Commenting on the release from The Lancet: ‘Rates of premature mortality are two times higher in the most deprived areas of England, compared to most affluent’, Dr Diane Stockton, Burden of Disease study lead at NHS Health Scotland said:
“We published a report on the Scottish Burden of Disease in August this year. Consistent with the results elsewhere in the UK, we too found that people living in the poorest areas had double the rate of illness or early death than people in our wealthiest areas. In addition, we found that nearly a third (32.9%) of early deaths and ill health in Scotland could be avoided if the whole population had the same life circumstances as the people who live our wealthiest areas.
“The fact that people in our wealthiest areas are in better health and that conditions that cause most of the ill health and early death result from things we can change – like illnesses associated with mental well-being, diet, drug use and alcohol dependency – shows that it is possible to create a fairer healthier Scotland.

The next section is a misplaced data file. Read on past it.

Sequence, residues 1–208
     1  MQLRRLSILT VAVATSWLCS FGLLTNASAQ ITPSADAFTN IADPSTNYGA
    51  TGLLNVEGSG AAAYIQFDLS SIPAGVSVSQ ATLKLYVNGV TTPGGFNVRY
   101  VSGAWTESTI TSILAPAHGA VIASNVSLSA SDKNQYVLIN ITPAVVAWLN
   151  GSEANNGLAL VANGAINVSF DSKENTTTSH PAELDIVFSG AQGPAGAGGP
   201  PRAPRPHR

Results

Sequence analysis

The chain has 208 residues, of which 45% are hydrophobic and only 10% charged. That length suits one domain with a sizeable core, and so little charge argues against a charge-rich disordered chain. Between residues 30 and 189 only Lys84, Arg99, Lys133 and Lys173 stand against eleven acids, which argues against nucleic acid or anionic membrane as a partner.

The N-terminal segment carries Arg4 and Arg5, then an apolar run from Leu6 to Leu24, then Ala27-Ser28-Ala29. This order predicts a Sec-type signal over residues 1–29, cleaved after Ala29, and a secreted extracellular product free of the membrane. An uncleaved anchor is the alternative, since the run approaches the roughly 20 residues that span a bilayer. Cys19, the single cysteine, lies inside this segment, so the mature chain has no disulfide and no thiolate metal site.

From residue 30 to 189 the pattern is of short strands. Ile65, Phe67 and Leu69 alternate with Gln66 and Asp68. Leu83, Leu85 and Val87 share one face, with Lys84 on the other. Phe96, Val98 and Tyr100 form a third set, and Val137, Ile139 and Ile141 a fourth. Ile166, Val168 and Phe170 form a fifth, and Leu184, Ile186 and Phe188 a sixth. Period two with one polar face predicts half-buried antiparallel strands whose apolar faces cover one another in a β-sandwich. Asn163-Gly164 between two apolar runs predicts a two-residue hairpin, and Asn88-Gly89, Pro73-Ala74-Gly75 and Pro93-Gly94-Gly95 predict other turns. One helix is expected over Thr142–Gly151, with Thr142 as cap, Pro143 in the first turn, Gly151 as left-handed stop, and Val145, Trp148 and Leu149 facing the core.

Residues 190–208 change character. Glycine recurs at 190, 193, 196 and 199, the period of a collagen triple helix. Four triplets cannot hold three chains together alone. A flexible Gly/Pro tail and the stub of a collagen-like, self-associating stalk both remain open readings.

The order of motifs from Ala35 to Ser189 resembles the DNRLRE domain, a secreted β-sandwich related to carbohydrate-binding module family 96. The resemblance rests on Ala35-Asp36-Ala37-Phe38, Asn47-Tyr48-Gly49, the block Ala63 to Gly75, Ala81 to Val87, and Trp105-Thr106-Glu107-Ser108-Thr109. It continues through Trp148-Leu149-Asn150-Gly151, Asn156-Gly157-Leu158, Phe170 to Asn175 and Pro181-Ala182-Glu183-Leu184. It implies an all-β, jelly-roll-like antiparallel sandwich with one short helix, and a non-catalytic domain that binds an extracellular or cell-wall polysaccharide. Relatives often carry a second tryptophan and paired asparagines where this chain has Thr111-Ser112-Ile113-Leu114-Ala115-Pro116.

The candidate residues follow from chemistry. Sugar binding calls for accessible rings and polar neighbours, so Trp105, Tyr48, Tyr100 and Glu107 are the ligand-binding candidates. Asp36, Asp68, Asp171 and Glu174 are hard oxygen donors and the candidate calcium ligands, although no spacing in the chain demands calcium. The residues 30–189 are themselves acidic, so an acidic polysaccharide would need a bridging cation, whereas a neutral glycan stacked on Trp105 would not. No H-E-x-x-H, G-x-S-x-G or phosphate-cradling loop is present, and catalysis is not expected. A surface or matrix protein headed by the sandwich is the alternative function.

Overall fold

“Our report highlighted that to do this, we must improve the life circumstances of people in our poorest areas and prevent their early death or avoidable ill health. This is about more than encouraging healthy choices. It’s easier to access the things that harm our health in these areas, and so no one type of behaviour change is going to solve this problem on its own. It’s about addressing the environment we live, rest, play, work and learn in so that it supports us to be mentally and physically well. And it’s complex. There is no silver bullet, but, with collective effort for a fairer healthier Scotland, we can help to ensure that everyone in Scotland can enjoy their right to the highest attainable standard of health.”
You can find more information on the Scottish Burden of Disease on our Burden of Disease web pages.
You can find more information on the impact of deprivation on health on our Impact of Deprivation on Health web page.